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Britain’s Largest Solar Array Connects to Grid

By Katie Anderson on June 27, 2011

The largest array of solar panels in Britain has been connected to the National Grid, supplying ‘green’ energy to the Howbery Business Park in Oxfordshire.

Approximately one quarter of the business park’s energy needs will be provided by the array, which consists of 3,000 solar PV panels generating around 682 MWh per year. The equivalent carbon saving is estimated to be in the region of 350 tonnes of carbon dioxide per annum.

The business park should be able to benefit from the feed-in tariff scheme (FITs), which provides a fixed rate of pay for electricity supplied to the National Grid that has been derived from clean renewable sources.

Derry Newman, of Solarcentury, the firm that supplied Howbery Business Park with the solar panels, said: “Solar works on daylight, not necessarily [direct] sunlight and it gets light every day in Britain. Of course, it generates more on a very bright day than a dull day.

“If you average over the year, the amount of cumulative daylight, energy per square metre, is very well known and is very predictable. Over the life of the system, the amount of energy produced is very predictable”.

Mr Newman’s comments counter many of those raised by ‘green sceptics’, some of whom reason that solar technology is more or less useless in Britain, which is hardly renowned for its favourable climate. As an area’s average annual exposure to sunlight is calculable and, therefore, predictable, it is possible to estimate with reasonable accuracy the amount of energy that is likely to be generated over a year.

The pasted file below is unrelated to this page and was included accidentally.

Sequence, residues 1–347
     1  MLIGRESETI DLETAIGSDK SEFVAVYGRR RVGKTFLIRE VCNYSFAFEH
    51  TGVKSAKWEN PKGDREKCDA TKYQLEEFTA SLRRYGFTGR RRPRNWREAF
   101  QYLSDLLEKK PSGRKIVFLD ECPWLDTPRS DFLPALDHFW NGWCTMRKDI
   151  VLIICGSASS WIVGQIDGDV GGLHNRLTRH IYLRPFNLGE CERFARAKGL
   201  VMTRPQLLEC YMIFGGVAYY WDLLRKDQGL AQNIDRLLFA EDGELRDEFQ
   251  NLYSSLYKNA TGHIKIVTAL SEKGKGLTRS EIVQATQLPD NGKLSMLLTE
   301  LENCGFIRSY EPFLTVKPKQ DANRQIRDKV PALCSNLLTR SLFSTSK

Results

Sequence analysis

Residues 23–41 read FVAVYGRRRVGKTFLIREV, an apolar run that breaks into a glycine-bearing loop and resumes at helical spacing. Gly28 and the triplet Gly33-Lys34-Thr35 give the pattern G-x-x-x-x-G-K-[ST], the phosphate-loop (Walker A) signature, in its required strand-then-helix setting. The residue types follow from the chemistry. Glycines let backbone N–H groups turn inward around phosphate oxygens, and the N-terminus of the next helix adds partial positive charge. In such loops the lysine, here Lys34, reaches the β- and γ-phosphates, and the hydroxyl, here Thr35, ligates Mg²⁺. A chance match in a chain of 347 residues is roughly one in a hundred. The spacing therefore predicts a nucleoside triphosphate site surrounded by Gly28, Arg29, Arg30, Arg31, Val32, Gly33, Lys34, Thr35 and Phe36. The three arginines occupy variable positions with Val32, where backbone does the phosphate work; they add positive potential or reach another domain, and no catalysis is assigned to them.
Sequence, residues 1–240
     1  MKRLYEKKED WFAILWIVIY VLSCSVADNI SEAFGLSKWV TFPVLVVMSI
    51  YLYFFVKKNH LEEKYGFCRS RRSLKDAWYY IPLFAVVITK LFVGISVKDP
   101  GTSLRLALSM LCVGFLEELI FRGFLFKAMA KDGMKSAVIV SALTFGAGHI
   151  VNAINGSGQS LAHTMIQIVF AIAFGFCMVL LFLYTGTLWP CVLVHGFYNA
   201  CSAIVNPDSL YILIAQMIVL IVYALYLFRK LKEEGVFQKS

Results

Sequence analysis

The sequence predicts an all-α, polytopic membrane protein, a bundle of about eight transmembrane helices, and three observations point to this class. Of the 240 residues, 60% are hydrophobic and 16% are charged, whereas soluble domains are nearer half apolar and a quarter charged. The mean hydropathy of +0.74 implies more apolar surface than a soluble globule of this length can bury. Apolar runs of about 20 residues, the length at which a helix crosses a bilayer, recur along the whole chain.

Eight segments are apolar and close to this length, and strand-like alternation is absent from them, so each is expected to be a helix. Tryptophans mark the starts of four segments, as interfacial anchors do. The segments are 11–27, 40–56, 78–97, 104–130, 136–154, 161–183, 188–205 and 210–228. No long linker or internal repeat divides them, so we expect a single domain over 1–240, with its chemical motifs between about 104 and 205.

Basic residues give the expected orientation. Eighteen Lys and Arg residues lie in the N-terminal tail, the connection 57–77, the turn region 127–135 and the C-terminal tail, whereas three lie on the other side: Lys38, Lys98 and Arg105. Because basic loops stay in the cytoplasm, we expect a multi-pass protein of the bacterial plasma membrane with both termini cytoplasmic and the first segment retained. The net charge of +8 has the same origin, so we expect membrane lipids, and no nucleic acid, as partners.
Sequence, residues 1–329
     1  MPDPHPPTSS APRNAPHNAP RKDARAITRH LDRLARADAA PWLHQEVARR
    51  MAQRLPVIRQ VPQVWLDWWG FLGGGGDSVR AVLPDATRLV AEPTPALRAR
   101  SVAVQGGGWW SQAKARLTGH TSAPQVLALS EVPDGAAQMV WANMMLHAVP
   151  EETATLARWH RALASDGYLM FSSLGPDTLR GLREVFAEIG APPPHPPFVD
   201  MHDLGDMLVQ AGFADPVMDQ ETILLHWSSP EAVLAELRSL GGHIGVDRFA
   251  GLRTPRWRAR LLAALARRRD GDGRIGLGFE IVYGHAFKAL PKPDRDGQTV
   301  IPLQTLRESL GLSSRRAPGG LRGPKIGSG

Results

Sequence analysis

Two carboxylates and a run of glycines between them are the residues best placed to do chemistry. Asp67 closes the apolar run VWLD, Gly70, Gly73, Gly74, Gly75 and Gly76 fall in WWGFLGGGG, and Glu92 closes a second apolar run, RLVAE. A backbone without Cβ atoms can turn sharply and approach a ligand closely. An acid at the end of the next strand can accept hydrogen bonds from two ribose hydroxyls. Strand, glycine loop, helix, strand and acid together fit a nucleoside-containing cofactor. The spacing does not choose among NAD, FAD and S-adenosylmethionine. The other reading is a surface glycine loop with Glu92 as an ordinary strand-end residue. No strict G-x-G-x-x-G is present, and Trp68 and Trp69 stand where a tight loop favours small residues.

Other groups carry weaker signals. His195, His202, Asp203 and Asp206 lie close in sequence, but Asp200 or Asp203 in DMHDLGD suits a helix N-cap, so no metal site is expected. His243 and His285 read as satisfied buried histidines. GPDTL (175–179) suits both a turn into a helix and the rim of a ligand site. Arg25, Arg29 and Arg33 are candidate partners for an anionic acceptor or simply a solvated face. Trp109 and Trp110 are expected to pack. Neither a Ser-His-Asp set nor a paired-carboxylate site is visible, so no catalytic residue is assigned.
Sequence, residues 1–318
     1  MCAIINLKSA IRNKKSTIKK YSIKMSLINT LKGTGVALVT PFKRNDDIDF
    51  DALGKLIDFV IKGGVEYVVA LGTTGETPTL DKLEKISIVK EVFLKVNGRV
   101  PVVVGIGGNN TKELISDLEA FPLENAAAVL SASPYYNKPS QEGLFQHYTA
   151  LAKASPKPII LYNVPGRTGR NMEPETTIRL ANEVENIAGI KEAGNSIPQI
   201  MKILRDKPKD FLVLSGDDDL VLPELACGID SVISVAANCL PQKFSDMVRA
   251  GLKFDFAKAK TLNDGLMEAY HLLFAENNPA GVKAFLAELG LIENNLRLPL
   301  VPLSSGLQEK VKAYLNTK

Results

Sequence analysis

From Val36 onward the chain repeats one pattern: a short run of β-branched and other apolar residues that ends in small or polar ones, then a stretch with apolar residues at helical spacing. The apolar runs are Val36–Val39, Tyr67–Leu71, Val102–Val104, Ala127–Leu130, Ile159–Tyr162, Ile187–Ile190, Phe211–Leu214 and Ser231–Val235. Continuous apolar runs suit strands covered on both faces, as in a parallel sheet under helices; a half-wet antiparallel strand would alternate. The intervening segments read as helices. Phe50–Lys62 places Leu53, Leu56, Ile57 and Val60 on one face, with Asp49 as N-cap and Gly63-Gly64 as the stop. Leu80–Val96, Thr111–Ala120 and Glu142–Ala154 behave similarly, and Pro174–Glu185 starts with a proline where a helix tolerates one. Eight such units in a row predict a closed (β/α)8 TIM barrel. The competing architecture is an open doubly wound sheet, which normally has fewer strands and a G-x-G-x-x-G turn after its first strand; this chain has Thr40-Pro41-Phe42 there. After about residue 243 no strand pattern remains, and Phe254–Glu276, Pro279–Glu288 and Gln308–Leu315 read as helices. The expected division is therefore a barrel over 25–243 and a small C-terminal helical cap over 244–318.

The Government’s recent review of feed-in tariffs meant that organisations generating more than 50kW of electricity would receive a lower rate for energy supplied to the Grid. Mr Newman believes the Howbery Business Park development will be one of the last of its kind unless the feed-in tariffs are revised again.

Mr Newman said: “[The change to FITs] means that virtually all investors have withdrawn from financing such developments. There were probably many hundreds lined up for development across the country. They’re pretty much all cancelled now because of the fast track review. This type of installation will be a relative rarity for a few years”.